That Was Then…
Having spent a majority of his work life pushing services and products that lacked inspiration (in another field), David Braughler sought a career that utilized both the analytical and creative sides of his brain. He found that working for a commercial printer who happened to have bookbinding equipment. As the field of self-publishing gained momentum and fought for credibility, David jumped in headfirst, working with his employer to develop self-publishing offerings for new authors. By listening carefully to his authors, and to the market at large, he spent the next six years helping hundreds of authors in the US, Europe, and Australia to publish their work.
Here & Now…
Four years ago – this month – with an investment of $20, David set out to create his own independent publishing company, one that would genuinely and authentically help new and repeat authors publish their work in a way that was respectful – and that made a difference. His continued passion for working with creative people, hearing the story behind their stories, why they wrote in addition to what they wrote is what sets this company apart.
Braughler Goes Beyond
David’s holistic approach to self-publishing is encouraged by the energy from the authors Braughler Books has been fortunate enough to work with. Braughler Books is determined to provide the best service possible which only enhances the final product – a beautiful story printed and bound. In order to get there, the process relies on one an oft-underrated skill (and an underlying company value): listening. In addition to listening to our client’s ideas and concerns, we seek to hear the unspoken vision of our clients. While some books have a bigger impact than others, there’s never a time we won’t give it all we’ve got to hit it out of the park.
Five Minutes with our Founder
In honor of the four year anniversary of Braughler Books, we thought it would be fun to find out more about the Founder and President behind the books with a little Q&A and Lightning Round.
Q: What’s the best piece of business advice you’ve received as an entrepreneur?
A: “Don’t ever lose that sense of enthusiasm, David.”
Q: Why do you invest in Personal Development?
A: I’m growing a business; the only way I can successfully do that is to grow myself as well. I read a lot of books, surround myself with SMART entrepreneurs and business owners, and spend time recharging to make sense of it all.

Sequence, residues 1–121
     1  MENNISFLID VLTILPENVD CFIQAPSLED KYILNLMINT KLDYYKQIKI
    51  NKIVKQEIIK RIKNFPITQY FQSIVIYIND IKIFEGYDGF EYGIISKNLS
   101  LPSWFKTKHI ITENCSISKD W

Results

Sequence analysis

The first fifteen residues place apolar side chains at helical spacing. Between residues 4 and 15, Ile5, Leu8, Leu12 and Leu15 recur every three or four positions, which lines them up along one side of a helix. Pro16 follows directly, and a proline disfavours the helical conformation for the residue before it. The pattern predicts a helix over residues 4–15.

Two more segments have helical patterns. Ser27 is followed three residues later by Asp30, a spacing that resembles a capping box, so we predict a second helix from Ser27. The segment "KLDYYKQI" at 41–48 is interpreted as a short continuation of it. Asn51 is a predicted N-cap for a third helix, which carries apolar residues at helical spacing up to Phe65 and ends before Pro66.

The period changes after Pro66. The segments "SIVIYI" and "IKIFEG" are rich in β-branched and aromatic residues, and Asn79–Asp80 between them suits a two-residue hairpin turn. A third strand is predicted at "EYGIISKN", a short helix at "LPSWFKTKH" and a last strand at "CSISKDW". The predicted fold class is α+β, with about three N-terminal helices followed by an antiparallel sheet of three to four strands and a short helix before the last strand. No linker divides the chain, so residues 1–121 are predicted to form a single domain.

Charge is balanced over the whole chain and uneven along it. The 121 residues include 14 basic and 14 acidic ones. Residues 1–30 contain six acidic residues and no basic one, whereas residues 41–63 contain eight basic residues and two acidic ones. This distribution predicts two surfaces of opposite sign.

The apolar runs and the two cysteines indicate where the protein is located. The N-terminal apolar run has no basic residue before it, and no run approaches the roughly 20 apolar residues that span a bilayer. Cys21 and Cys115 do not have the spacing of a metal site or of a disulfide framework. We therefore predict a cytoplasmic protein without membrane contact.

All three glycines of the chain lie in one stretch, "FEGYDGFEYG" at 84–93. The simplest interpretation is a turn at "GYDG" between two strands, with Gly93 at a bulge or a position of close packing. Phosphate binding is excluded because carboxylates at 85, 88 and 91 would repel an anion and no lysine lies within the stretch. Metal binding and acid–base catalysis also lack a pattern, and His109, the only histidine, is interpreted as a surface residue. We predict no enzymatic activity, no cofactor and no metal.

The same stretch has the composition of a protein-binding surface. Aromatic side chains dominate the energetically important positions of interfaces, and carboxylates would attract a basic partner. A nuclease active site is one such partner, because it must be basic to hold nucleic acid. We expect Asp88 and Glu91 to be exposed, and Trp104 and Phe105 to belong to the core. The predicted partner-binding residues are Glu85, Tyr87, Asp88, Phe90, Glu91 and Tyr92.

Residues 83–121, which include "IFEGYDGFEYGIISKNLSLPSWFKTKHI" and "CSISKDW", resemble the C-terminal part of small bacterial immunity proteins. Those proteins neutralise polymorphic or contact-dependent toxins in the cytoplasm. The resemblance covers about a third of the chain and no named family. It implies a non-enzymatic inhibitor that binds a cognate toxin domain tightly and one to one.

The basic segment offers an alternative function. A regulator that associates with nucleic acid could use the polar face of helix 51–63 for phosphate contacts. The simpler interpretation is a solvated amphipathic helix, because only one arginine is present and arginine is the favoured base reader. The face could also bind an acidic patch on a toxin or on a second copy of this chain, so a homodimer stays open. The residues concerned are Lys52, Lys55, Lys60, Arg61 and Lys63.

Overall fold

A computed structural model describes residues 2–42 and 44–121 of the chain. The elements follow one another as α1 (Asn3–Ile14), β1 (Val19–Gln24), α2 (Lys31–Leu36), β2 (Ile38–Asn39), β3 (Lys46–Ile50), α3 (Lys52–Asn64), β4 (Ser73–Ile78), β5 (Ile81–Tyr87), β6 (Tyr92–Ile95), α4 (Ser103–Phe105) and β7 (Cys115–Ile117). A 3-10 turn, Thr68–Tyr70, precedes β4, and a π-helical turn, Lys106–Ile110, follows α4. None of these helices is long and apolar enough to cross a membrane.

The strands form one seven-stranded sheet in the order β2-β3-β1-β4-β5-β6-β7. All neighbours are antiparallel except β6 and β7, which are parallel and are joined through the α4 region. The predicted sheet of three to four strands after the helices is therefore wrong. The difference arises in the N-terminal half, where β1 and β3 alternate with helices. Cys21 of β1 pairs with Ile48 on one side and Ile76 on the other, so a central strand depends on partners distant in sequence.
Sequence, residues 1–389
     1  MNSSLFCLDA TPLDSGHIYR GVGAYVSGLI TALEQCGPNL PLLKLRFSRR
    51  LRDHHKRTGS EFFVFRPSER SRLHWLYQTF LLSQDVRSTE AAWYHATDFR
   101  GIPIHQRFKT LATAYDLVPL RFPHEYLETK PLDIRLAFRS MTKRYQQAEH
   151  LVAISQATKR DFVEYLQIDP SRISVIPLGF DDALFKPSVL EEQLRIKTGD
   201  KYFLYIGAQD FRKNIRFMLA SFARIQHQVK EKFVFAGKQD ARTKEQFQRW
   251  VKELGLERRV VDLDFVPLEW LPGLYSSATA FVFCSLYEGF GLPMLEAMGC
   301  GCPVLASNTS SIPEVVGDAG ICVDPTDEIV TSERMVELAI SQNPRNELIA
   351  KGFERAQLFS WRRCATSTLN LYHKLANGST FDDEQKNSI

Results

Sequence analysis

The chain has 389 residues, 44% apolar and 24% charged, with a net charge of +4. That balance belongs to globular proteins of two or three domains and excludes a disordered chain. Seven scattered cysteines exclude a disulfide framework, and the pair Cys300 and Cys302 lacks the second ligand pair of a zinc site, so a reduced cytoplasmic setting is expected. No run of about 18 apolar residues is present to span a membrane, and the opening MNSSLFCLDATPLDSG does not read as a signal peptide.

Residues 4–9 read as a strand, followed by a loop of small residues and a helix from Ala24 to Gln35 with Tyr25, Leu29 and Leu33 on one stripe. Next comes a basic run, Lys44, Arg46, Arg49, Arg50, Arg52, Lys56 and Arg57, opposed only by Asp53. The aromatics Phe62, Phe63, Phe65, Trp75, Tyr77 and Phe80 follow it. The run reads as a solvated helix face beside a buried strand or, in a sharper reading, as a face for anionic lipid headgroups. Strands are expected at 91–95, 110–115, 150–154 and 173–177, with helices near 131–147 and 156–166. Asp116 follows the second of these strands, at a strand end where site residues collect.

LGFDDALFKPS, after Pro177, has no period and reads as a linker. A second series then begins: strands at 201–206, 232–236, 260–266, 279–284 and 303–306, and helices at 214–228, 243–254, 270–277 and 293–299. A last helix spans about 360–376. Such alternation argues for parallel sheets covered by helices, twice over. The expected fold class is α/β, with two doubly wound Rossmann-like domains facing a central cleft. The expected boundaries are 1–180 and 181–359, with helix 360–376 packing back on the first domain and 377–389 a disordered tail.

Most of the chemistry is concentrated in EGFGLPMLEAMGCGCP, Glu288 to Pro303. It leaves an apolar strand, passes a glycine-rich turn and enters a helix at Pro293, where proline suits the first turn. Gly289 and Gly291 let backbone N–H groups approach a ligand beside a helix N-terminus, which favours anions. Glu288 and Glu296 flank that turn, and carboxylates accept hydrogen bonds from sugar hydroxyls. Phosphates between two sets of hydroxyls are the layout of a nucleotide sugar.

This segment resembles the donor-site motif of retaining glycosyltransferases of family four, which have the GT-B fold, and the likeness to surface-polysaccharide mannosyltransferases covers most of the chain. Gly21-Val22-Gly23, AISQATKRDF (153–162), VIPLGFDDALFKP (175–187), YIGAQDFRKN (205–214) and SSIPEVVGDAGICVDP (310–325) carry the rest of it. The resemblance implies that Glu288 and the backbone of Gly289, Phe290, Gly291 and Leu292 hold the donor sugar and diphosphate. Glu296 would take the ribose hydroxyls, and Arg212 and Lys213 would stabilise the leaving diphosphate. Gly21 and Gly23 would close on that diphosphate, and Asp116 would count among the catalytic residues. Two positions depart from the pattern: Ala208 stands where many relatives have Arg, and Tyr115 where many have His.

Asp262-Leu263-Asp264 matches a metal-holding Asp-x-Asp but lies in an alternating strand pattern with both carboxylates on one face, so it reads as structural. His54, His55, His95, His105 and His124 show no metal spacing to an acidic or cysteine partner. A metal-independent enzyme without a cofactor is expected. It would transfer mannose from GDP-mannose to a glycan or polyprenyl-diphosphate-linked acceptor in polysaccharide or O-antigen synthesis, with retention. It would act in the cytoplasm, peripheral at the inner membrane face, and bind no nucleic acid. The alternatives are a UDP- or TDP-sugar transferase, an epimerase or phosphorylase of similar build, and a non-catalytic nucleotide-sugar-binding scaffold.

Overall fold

Q: How do you recharge?
A: Generally one of two ways; sitting on a shoreline somewhere, listening to the tide roll in, or taking a long motorcycle ride on a backcountry road somewhere (both clear my head better than anything else.)
Q: What do you do to ensure your strategic plans go from vision to reality?
A: Involve my team. It’s not just about having their help with implementation, it’s also because of the accountability factor, and the fact that I don’t always have the answer.
Q: What technology has made the biggest impact in your business?
A: The Cloud.
Q: When you’re not reading manuscripts by current and potential Braughler Books authors, what types of books do you read for pleasure?
A: I tend to read books falling into three categories: history, biography, and those dealing with human survival and extreme perseverance.
Q: What top 3 Business Books you would recommend?
A: War of Art (Pressfield), The Go-Giver (Mann and Burg), Shoe Dog (Knight)
Q: What do you consider to be your greatest achievement in business?
A: Building this company. It’s taken everything I have, sometimes more than I thought I had, and I’d do it all over again, given the chance.
Q: How do you define success?
A: Personal success for me is two-fold; it’s building a business that achieves the goals of financial success balanced with making a positive difference in the lives of our authors; and secondly, ensuring that business enables me to provide a good life for my family.
Q: What’s the legacy you hope to create?
A: Tough question to answer. Despite the past 4 years of business, I’m still figuring out what the business looks like. I’m so far into the day to day I can’t easily see a long term legacy yet. And on some level, I tend to think that a legacy is what’s left behind as determined by others – and isn’t something we can consciously choose.
- Facebook, Twitter or Instagram? Instagram
- Apple or Android? Android
- Podcast or Audible? Podcast
- Tea or Coffee? Coffee
- Beer or Wine? Irish Whiskey
- What’s better: the book version or the movie version? Book, of course.
- Phone or Computer? Phone.
- Beatles or Stones? Stones
- Google or Bing? Google
- Skyline or Goldstar? Skyline
- City or Beach? Beaches of Lake Erie
Looking for a jolt of enthusiasm or someone to reignite your passion for writing, reading, or taking a leap of faith? He’s just one email, contact form, or phone call away.